Tag Archives: Fame Day

Fame Day: #SafeSearchWrapUp

Alright, so this week’s Fame Day is going to be short, sweet, and, as you’ve probably noticed, late. I unintentionally got behind work last night, and then this morning I had a pseudo-interview. Anyway, the point is that cartoon porn should be kept under wraps.

Really rough segues aside, Bronies Against BullShit is responsible for today’s subject. To be perfectly fair, they’re worthy of a good amount of praise in general, if only because the tumblr exists as “a platform for the brony fandom to call out, critique, support, and analyze itself in a constructive and mature manner.” Places like that need to exist all over the internet, because introspection is a sorely needed quantity around here.

The page, which I’m going to shorten to BAB, and those behind it are the ones who came up with #SafeSearchWrapUp.

famesafesearchwrapup

 
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Fame Day: Seth Rogen, Alzheimer’s Disease Activist

sethrogenalzheimersdiseaseactivist

“America whispers the word Alzheimer’s because their government whispers the word Alzheimer’s, and although a whisper is better than the silence that the Alzheimer’s community has been facing for decades it’s still not enough.”

Those make up some of the closing remarks from a man who starred opposite James Franco in a hilarious parody of Kanye West’s “Bound 2” music video. An actor who portrayed a disgruntled barista whose get-rich-quick idea scheme was to create the adult film Swallow My Cockuccino. He’s the one responsible for co-writing a film that starred Jonah Hill being anally violated by a demon [spoilers for This Is The End, my bad].

Seth Rogen is all of those things, but he is also an Alzheimer’s disease activist. Continue reading

Fame Day: Kroll Show

goodjobkrollI’ve just started watching Kroll Show (named for its star and creator, comedian Nick Kroll) recently but it’s already risen to the top of my list in terms of TV- so much so that I’ll be taking this Fame Day to recommend it to you.

Now in concept alone, Kroll Show isn’t anything new. Each episode is comprised of skits (interspersed lightly with commentary from Kroll and his comic co-stars) riffing on television, with reality TV taking the brunt of the riffs. You’ve probably seen this done before in less successful enterprises or recognize it as roughly 50-85% of all Seth McFarlane jokes.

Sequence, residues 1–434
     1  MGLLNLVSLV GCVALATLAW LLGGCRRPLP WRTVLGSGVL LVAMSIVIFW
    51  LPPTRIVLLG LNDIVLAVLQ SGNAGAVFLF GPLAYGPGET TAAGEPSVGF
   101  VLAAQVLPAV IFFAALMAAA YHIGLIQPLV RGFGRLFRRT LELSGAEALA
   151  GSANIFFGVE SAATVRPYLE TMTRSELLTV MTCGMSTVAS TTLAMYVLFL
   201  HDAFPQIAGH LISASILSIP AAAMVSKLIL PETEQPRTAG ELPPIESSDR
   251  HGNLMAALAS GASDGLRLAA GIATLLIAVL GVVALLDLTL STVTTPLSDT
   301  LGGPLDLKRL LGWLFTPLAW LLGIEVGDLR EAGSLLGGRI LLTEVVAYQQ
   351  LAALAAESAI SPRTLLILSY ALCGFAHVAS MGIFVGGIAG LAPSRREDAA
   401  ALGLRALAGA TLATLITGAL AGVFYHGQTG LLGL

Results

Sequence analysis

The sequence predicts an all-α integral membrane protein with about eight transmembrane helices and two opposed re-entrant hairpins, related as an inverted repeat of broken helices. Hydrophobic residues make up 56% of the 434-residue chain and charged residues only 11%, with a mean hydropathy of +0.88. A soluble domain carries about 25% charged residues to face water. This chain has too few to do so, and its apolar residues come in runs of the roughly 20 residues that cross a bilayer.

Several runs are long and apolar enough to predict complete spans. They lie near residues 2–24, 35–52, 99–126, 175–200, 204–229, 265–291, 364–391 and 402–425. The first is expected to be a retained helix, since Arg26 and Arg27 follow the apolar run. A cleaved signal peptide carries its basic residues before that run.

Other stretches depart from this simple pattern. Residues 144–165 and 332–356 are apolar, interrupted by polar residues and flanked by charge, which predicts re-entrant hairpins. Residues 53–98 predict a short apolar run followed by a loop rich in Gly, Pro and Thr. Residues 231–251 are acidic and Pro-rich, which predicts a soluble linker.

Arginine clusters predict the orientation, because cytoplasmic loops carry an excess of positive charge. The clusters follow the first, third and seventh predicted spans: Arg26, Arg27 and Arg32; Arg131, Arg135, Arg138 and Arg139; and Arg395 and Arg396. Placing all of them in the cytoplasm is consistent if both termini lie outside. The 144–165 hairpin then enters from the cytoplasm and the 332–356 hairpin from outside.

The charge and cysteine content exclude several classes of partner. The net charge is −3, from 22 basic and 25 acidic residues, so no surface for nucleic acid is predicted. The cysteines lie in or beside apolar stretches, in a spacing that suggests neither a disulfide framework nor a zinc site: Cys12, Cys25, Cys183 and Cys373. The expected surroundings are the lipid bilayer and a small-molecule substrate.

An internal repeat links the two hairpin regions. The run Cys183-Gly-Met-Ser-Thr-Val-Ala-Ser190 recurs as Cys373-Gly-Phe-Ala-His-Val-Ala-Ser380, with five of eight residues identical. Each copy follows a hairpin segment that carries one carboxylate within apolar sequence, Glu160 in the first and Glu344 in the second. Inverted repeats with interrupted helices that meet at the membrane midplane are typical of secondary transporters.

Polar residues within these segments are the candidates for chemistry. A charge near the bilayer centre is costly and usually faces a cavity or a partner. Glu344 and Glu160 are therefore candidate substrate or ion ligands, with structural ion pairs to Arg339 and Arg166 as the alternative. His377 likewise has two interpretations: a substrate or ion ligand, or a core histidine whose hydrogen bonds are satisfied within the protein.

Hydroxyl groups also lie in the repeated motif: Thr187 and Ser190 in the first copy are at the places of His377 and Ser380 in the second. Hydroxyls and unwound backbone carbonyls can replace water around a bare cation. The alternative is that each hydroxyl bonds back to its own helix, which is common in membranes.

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Fame Day: Stopping Super Bowl Sexism

I have to admit it. We had a Super Bowl party at our house. By Super Bowl party I mean we had some friends over and John watched the game while the rest of us chatted and ate food and had fun, then when the commercials came on we would all quiet down and turn up the volume.

While there were, of course, a few “ugh” commercials, most were pretty good.
One that really stood out was this year’s GoDaddy commercial. For those of you who haven’t seen it, it featured this woman quitting her job in their commercial, since she knew her boss would be watching the game.

Gwen Dean says “I Quit” to her boss as she publicizes her plans to become a puppet master.

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Fame Day: Hyperbole and a Half and Depression

For Christmas my lovely sister-in-law gave me this book:

I then proceeded to read pretty well the whole book over the next few days. Some of my favorite stories focus on her childhood shenanigans, including the time she ate an entire cake,

and the time she thought dressing in a dinosaur costume gave her special powers-

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Fame Day: New Girl, Brooklyn Nine-Nine, and Diversity

I really like watching TV, you guys [and girls]. To be more specific, sitcoms in particular are my absolute jam. Their format is one that garners fanbases as rabid as Breaking Bad [okay, maybe not that intense], and just because a piece of art’s main purpose is to make us laugh doesn’t mean that it can’t have just as much of an impact as more humorless fare.

In all seriousness, though, I’m going to be writing about racial representation and how New Girl and Brooklyn Nine-Nine, two of my favourite sitcoms, are doing great things in that regard. Continue reading